When his boss emerged, Chin waited to hear his colleague’s fate: renewed credentials or delayed visa.  Neither his boss told him.  Instead, the Ministry had decided to expel Chin and another colleague along with the staffer.  Even though Chin’s journalist visa was still valid, he had five days to pack up his life of 13 years and get out.

Since 2012, the Chinese government has used its power over the journalist visa process to censor foreign news outlets.  For the Chinese government and the ruling Communist Party, the media exists to serve the Party.  “[L]ove the party, protect the party, and closely align [] with the party. . . .” President Xi Jinping told the government-run People’s Daily during a visit to their offices in 2016.  To keep foreign journalists in line, the Chinese government has used harassment, surveillance, visa delays and visa downgrades according to the Foreign Correspondents Club of China.

But for the United States, the press is viewed as central to our democracy, its freedoms enshrined in the First Amendment. “Our liberty depends on the freedom of the press, and that cannot be limited without being lost,” Thomas Jefferson wrote in a letter in 1785.  Because of this bedrock principle, the U.S. government has been hesitant to retaliate against Chinese journalists in response to the Chinese government’s provocations.  But enter Donald Trump, a president who constantly attacks the press.  For Trump, rolling back press Chinese journalists’ freedoms was not a hard choice.  Instead, it corresponded perfectly with his effort to undermine the press, an institution crucial to our democracy.

President Richard Nixon, not a fan of the press

Trump is not the first president hostile to the press.  John Adams signed into law the Sedition Act of 1798 which criminalized the publication of “false, scandalous or malicious writing” about the federal government.  Richard Nixon privately maintained an “enemies list” and illegally surveilled certain reporters.  The Obama Administration prosecuted 11 government employees and contractors for revealing classified information to the press.  But Trump’s treatment of the press is different and more nefarious to our democracy.  It’s “a systematic effort to de-legitimize the news media as a check on government power,” University of Georgia media law professor Johnathan Peters told the Committee to Protect Journalists last month.

The day Chin was expelled from China, U.S. Secretary of State Mike Pompeo condemned the Chinese government’s actions, stating that “[m]ature, responsible countries understand that a free press reports facts and expresses opinions. The correct response is to present counter arguments, not restrict speech.”  But on March 2, 2020, the State Department limited the number of journalist visas issued to Chinese state-run outlets to 100, effectively expelling 60 Chinese reporters.  The Chinese government responded with more severe sanctions: the expulsion of U.S. citizens employed by The New York Times, The Wall Street Journal, and The Washington Post.  Not long after, the Trump Administration issued its most punitive sanction yet: downgrading every Chinese journalist’s visa to a three-month term from a previous unlimited time period, regardless of whether they work for a Chinese, state-run news outlet or The New York Times.   The Chinese government has yet to respond.  But expect it to similarly relegate U.S. journalists to a three-month visa or expel all U.S. journalists from China.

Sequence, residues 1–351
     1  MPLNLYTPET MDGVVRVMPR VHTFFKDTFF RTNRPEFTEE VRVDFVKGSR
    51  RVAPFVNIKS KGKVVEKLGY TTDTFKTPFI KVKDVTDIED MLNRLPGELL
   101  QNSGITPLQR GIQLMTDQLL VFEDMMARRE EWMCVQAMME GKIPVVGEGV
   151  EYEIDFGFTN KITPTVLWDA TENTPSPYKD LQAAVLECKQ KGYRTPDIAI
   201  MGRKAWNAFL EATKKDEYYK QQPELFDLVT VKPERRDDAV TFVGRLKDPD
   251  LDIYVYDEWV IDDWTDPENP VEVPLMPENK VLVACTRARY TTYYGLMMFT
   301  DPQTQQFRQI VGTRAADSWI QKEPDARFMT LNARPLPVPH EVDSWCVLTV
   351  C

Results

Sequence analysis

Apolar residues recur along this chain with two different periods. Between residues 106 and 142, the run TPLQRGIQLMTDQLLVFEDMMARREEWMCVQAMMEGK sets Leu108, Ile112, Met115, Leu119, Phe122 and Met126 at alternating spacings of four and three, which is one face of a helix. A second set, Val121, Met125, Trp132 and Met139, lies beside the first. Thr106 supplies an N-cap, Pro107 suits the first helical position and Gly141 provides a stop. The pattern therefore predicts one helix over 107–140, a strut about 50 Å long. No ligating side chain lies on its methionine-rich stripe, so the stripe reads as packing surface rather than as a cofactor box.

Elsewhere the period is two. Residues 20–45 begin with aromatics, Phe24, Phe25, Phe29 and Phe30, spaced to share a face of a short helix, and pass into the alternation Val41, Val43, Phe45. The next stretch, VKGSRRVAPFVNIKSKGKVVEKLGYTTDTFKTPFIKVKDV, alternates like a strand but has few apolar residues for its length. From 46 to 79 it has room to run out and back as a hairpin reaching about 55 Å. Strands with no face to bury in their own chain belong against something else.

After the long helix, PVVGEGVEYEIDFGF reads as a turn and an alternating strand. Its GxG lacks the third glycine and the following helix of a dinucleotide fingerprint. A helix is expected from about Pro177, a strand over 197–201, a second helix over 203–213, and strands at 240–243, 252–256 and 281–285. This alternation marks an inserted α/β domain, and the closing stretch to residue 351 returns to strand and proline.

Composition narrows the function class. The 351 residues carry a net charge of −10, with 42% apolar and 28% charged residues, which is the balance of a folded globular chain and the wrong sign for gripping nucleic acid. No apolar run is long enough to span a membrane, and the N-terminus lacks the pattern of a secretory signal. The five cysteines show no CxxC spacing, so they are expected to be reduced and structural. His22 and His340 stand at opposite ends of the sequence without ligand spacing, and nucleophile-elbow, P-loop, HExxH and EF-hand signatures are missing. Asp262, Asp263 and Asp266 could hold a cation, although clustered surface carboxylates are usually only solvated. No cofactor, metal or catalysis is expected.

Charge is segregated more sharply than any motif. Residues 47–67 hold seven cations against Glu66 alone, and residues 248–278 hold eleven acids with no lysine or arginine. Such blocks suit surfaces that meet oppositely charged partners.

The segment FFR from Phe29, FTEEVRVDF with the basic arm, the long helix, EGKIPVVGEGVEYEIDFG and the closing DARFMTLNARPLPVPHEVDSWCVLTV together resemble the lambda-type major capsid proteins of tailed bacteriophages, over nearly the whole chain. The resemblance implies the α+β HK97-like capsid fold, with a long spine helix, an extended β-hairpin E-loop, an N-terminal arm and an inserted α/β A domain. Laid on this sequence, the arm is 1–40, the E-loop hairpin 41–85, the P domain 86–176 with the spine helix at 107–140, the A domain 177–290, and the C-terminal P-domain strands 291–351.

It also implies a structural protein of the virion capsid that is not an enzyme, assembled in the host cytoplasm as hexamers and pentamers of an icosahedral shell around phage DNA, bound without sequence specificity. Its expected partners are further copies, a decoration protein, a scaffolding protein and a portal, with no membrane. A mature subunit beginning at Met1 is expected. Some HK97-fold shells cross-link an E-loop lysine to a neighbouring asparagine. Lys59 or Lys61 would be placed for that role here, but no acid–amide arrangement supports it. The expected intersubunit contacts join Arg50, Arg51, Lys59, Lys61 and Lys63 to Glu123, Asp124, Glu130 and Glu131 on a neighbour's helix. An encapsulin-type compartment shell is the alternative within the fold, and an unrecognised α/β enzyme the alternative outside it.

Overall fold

Two expelled Wall Street Journal Reporters – Philip Wen (L) and Josh Chin (R) – on their way out of China. Photo Courtesy of Greg Baker / AFP

The Trump Administration’s tit-for-tat diplomacy is a far cry from Pompeo’s “correct response.”  Instead, it mimics Beijing’s tactics: restricting speech through the journalist visa process.  The United States, once the international champion of freedom of the press, is following the lead of an authoritarian, one-party state.  But this should not be a surprise.  The Trump Administration’s treatment of the domestic press the past three years reflects its authoritarian bent.  Trump repeatedly tweets “fake news” about news stories he doesn’t like and has called the U.S. media “the enemy of the people.”  The White House revoked CNN reporter Jim Acosta’s White House press credentials after Trump told him he was a “rude, terrible person.”  Trump’s re-election campaign has sued three major media organizations for libel in cases considered “long shots.”  These are all pages from Beijing’s playbook, a playbook where the media is subservient to the ruling party.

Some of Chin’s last articles from China were on the emergence of a novel coronavirus in Wuhan.  His reporting from early February, as well as that of his fellow, expelled colleagues, exposed the pandemic nature of COVID-19: hospitals overrun with patients; front-line medical workers dying of the virus; mortuaries unable to process the massive number of dead.  Their reporting foreshadowed what we would see on our shores a few months later.  Even with the Chinese government hiding early facts about the novel coronavirus, U.S. reporters were able to find – and report – the truth.  But this truth is an impediment to the Trump Administration’s narrative that China’s lack of transparency prevented it from recognizing the severity of COVID-19.  So while the Trump Administration publicly laments the Chinese government’s restrictions on U.S. reporters, it has to know that its retaliatory tactics means that there will be even less U.S. reporters in China.  But this may be precisely what it wants.